Rich Pollett according to the authors, “Theoretically, 20 or more founder genome equivalents are the approximate genetic base necessary for a viable ex situ population” (don’t know the basis for this number)..so it does seem hopeful. Koen De Paus , we owe them a genetic resurrection, then!

  11. Rajini Rao says:


    David Haddad , here is what I got from the Wiki page, which is really quite nicely done: The Galápagos Hawk was formerly the sole native predator of the tortoise hatchlings, as Darwin wrote: “The young tortoises, as soon as they are hatched, fall prey in great numbers to the buzzard”. The hawk is now much rarer, but introduced feral pigs, dogs, cats and black rats have become predators of eggs and young tortoises. The adult tortoises have no natural predators apart from humans, as Darwin noted: “The old ones seem generally to die from accidents, as from falling down precipices. At least several of the inhabitants told me, they had never found one dead without some such apparent cause”.

  12. Jon Teriini says:


    Go Yale! That’s great news.


    I have to post this episode of QI which deals with the subject. They make the terrible history of the Giant Tortoise, terribly funny:


    http://youtu.be/4k-l1HLj9Nk


  13. This is a brilliant book – The Last Tortoise: A Tale of Extinction in Our Lifetime, BTW http://www.amazon.com/Last-Tortoise-Tale-Extinction-Lifetime/dp/0674049926 I hope they can locate the parents. These tortoises are legendary!


    BTW, watch Lonesome George the Galapagos Tortoise – Explore – BBC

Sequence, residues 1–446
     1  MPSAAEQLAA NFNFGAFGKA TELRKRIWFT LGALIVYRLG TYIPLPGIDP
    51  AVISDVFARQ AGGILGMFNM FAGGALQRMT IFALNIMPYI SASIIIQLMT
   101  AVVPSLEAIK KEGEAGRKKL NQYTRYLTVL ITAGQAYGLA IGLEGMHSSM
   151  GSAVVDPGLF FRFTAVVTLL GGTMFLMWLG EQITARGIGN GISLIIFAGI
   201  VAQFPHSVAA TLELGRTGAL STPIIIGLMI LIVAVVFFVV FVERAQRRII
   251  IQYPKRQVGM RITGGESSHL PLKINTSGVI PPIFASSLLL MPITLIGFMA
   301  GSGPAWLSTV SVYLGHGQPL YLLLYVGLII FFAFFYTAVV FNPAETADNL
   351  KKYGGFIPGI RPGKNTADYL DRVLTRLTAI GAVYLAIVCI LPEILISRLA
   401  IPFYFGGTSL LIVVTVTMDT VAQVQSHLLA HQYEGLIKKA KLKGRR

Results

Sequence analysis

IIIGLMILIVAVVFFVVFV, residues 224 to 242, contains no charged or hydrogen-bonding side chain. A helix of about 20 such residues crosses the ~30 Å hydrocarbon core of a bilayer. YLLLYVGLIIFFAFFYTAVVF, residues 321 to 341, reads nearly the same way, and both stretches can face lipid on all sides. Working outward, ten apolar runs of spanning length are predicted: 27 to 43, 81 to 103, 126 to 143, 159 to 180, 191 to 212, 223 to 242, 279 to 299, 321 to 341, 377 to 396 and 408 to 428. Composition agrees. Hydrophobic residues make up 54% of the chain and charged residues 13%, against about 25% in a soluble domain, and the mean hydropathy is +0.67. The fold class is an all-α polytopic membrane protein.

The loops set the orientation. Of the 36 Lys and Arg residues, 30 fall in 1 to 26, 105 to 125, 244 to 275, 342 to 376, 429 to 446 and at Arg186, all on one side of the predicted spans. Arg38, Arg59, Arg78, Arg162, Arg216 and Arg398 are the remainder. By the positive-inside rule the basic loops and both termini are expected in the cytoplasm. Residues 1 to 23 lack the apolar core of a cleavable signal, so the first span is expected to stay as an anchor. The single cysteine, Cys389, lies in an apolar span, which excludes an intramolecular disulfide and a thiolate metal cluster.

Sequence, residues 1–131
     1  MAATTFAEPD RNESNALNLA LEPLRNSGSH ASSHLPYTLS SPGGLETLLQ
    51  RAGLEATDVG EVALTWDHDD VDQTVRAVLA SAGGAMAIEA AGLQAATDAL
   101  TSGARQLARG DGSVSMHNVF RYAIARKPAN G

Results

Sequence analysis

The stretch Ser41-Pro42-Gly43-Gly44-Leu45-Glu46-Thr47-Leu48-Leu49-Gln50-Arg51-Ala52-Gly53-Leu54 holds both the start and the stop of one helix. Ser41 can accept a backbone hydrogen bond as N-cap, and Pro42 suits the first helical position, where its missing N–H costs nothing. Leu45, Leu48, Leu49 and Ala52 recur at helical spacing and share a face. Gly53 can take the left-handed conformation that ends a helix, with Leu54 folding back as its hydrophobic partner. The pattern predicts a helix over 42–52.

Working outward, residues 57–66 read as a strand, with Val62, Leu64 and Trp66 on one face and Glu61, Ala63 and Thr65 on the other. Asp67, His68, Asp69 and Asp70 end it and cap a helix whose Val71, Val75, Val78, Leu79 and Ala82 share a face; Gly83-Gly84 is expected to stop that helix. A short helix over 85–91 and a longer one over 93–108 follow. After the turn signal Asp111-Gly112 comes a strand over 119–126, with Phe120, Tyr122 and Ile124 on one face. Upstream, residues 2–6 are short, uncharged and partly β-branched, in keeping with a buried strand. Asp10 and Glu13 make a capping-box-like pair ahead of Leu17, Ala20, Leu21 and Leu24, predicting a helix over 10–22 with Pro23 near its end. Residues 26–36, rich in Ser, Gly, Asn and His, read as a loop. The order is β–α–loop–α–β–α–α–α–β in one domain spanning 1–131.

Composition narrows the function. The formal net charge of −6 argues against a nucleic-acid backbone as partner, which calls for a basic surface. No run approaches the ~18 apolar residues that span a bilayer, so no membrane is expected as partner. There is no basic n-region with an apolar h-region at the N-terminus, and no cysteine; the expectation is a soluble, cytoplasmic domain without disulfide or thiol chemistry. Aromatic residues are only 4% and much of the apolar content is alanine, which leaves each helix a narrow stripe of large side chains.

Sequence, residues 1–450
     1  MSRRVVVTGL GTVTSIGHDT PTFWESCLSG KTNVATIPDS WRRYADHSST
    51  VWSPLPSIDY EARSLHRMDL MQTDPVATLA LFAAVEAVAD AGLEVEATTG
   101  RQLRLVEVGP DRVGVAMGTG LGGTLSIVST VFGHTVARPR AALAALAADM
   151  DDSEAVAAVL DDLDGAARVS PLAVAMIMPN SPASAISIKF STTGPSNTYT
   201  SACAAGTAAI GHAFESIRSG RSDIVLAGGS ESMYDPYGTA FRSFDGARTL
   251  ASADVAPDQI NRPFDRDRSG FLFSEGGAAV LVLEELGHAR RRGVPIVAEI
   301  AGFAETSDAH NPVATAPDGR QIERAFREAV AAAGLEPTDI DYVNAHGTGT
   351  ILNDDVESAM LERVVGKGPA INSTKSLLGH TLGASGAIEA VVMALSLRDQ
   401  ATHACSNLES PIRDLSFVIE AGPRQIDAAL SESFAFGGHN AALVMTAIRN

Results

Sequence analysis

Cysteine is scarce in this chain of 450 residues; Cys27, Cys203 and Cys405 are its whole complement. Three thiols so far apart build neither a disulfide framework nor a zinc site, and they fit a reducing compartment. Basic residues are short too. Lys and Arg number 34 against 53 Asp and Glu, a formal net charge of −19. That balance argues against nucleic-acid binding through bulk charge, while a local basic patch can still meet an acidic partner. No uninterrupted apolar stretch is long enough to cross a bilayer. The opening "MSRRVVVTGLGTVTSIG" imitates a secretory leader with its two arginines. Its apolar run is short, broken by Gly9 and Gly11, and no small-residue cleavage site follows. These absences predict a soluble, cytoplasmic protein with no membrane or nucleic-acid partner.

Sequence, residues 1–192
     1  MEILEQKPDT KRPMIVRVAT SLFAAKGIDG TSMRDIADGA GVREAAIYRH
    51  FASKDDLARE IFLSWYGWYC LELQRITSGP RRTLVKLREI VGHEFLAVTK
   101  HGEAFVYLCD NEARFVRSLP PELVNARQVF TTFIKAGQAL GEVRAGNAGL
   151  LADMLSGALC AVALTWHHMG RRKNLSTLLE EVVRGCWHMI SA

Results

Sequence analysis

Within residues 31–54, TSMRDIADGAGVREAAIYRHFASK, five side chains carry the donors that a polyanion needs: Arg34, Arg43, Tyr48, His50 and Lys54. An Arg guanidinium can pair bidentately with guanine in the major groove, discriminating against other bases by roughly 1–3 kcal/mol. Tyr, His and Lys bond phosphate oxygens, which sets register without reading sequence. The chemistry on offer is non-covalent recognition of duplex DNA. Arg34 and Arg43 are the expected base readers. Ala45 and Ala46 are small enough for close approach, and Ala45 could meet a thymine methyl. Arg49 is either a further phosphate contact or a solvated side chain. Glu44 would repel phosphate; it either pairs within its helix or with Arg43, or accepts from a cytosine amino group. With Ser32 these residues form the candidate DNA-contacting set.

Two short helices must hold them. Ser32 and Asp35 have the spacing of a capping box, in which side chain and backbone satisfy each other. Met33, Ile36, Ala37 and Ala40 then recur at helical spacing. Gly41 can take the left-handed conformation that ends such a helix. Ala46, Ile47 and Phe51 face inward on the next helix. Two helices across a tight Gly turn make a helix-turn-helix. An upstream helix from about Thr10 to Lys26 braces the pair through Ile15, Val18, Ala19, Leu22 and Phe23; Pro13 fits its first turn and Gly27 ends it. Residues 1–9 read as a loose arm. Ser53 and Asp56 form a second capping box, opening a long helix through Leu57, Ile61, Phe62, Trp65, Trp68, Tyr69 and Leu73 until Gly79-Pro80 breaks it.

14. good picture……… And good morning

  15. Rickie B says:


    Very interesting stuff Rajini – so, much like the Dodo bird and the giant elephant bird one assumes, but here Darwin must have been amazed at such variation and such specificity – it all posits a newer theory that is open to mutation as standard, maybe? Rsj

  16. Tom Lee says:


    Very interesting indeed! Love it.


  17. What a wonderful post Rajini Rao! Thank you!


  18. very interesting. They are so big.


  19. those turtles are beautiful.Rajini you post such interesting things. thanks.


    today- what is interesting in my life is that my brother is coming to visit

  20. Rajini Rao says:


    Thank you, JoEllen Donahue Hermes ….enjoy your brother’s visit 🙂


  21. Mmm… I learnt that genetic markers can also specifically say the parent of a hybrid is a purebred. I thought the markers only indicate any one going back to a great^n grand parent or some thing like that was a purebred. Given the long life of species what can be a purebred really? Only to the extent they were isolated by environment.

  22. Rajini Rao says:


    Sowmyan Tirumurti , the authors used fast evolving genetic markers that could show changes over one or few generations. These tortoises are severely isolated by their environment, of course, being on the remote Galapagos islands. The isolation is what helped generate distinct species on different islands.


  23. i wish i was someone like them


  24. nice  in a regular pattern